Thursday, September 15, 2011

Authority, Responsibility, and Risk

When I became CIO of CareGroup/BIDMC in 1998, I promised to listen to all my staff and collaboratively embrace technologies that would benefit patients while also enabling employee career growth.   The IT team worked together to implement new infrastructure and new applications.   Success led to an upward spiral of success.    Other groups such as Media Services, Knowledge Services, and Health Information Management joined  IS.  We continued to grow in scope and capability.  

My sense at the time was that additional authority, budget and span of control were great - more was better.

However, in my nearly 15 years as CIO, I've learned that while more authority may bring more opportunities to succeed, it also brings increased responsibility and with it, additional risk.

In a world of increasing regulatory pressures and compliance requirements, the likelihood of something bad happening every day in a large organization is high.    The larger your role, the larger your risk.

Today in my BIDMC role I oversee

83 locations
18000 user accounts
9000 desktops/laptops/tablets
3000 printers
600 iPads
1600 iPhones
450 servers  (200 physical, 250 virtual)
1.5 petabytes of storage

serving over a million patients.

If one employee copies data to a USB drive and loses it, a potential breach needs to be reported. If one workstation is infected with malware that could have transmitted clinical data to a third party, a potential breach needs to be reported.  If one business associate loses an unencrypted laptop, a breach needs to be reported. 30,750 such breaches have been reported since HITECH took effect   All breaches are the CIO's responsibility.

If one IT project is over time or over budget, it's the CIO's responsibility.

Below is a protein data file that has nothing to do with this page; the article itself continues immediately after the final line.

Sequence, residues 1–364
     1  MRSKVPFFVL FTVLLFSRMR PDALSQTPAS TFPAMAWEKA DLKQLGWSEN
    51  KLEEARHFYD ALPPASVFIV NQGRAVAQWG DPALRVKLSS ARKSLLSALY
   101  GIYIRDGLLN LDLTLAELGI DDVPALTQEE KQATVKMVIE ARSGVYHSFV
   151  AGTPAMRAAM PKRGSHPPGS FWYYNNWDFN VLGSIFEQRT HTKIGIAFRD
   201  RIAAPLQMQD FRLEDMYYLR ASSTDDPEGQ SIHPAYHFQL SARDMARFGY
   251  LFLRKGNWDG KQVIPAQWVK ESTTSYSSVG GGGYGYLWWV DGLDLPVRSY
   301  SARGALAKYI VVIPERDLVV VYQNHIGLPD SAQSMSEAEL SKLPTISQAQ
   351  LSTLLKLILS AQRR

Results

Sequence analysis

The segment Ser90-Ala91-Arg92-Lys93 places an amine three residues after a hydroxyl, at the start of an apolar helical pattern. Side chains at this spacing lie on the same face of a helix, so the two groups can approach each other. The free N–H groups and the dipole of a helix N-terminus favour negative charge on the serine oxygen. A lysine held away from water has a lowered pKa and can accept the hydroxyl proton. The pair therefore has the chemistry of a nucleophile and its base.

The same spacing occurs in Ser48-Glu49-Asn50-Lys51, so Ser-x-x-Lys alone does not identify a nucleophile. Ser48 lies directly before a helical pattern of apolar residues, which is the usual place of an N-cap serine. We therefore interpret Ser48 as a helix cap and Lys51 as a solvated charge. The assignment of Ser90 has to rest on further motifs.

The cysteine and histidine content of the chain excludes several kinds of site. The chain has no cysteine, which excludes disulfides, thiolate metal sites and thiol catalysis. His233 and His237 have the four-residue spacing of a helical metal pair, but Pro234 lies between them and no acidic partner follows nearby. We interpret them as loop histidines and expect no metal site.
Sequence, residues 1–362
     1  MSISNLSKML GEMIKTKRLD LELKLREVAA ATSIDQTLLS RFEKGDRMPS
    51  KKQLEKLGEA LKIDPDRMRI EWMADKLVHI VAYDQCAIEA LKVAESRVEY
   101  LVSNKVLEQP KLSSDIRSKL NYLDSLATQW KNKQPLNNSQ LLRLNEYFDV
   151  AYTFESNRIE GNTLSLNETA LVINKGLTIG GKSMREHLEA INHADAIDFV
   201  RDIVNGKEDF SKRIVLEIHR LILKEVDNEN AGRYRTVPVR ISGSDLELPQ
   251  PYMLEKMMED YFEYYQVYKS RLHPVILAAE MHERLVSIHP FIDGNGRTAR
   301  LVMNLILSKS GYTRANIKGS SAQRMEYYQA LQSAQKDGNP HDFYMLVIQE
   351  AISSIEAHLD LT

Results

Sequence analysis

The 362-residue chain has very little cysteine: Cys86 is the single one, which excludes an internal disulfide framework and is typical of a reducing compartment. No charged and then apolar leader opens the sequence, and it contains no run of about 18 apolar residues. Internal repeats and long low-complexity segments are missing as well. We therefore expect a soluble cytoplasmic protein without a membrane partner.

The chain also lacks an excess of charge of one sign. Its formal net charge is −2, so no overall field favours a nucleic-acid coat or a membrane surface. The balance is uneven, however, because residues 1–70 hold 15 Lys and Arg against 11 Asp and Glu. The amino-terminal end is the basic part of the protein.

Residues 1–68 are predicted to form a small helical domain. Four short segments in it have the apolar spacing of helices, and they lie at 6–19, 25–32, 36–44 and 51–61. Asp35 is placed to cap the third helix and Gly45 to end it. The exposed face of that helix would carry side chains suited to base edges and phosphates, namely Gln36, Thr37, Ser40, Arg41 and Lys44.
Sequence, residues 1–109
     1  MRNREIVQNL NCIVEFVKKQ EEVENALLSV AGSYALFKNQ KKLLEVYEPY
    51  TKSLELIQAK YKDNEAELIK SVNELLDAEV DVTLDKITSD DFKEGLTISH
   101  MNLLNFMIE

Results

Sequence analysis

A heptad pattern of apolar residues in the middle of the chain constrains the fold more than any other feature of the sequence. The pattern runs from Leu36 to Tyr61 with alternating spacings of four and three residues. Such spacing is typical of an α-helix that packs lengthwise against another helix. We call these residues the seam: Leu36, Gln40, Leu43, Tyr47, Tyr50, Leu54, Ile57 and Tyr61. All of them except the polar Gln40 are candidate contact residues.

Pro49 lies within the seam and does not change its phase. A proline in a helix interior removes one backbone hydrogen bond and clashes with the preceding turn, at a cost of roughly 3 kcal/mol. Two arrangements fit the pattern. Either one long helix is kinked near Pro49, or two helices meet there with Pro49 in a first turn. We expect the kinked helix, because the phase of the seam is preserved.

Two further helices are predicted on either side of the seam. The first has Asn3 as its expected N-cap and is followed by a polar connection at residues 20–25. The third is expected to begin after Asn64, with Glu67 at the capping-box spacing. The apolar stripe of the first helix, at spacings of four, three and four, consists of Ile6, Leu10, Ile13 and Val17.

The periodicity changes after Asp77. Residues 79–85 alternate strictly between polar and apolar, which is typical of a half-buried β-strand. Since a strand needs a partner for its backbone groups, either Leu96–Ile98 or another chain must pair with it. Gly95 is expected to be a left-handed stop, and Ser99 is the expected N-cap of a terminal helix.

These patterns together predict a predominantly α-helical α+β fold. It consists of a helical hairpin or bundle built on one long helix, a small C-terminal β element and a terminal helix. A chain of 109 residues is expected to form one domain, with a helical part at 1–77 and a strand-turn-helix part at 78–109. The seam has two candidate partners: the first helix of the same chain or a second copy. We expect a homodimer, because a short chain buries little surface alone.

If one IT employee goes rogue, it's the CIO's responsibility.

If one server, network, or storage array fails, it's the CIO's responsibility

If one application causes patient harm, it's the CIO's responsibility

Life as a CIO can have its challenges!

At the same time that responsibilities are expanding, the number of auditors, regulators, lawyers, compliance specialists, and complex regulations is growing at a much faster rate than IT resources.

There are three solutions

1.  Spend increasing amounts of time on risk identification and mitigation
2.  Reduce your responsibility/accountability and thus your risk footprint
3.  Find a nice cabin in the woods and homestead as far away from regulatory burdens as possible

I'm doing #1 - about 20% of my day is spent on matters of risk, compliance, and regulation.   I'm doing #2 by transitioning my CIO role at Harvard Medical School to a successor.  #3 sounds appealing but I'm not there yet!

As healthcare CIOs face new regulations for e-prescribing of controlled substances, FDA device safety requirements, 5010 implementation,  ICD-10, new privacy rules, and Meaningful Use stages 1-2-3, the magnitude of the challenges ahead may at times seem overwhelming. I sometimes long for the days when all I had to do was write innovative software and create a nurturing environment for my staff!

There are 3 negative consequences that can result from overzealous regulation:

1.  The joy of success can turn into a fear of compliance failure
2.  Compliance can create such overhead that we lose our competitiveness
3.  We'll become less entrepreneurial because the consequences of non-compliance, such as loss of reputation, penalties, and burden of responding to agencies enforcing regulations, become a deterrent to innovation.

For now, I have accepted the risks that come with all my responsibilities, but at some point, the balance may become more challenging to maintain. As we move forward, I hope that policymakers in Washington and at the state level will be mindful of the unintended consequences of regulatory complexity.


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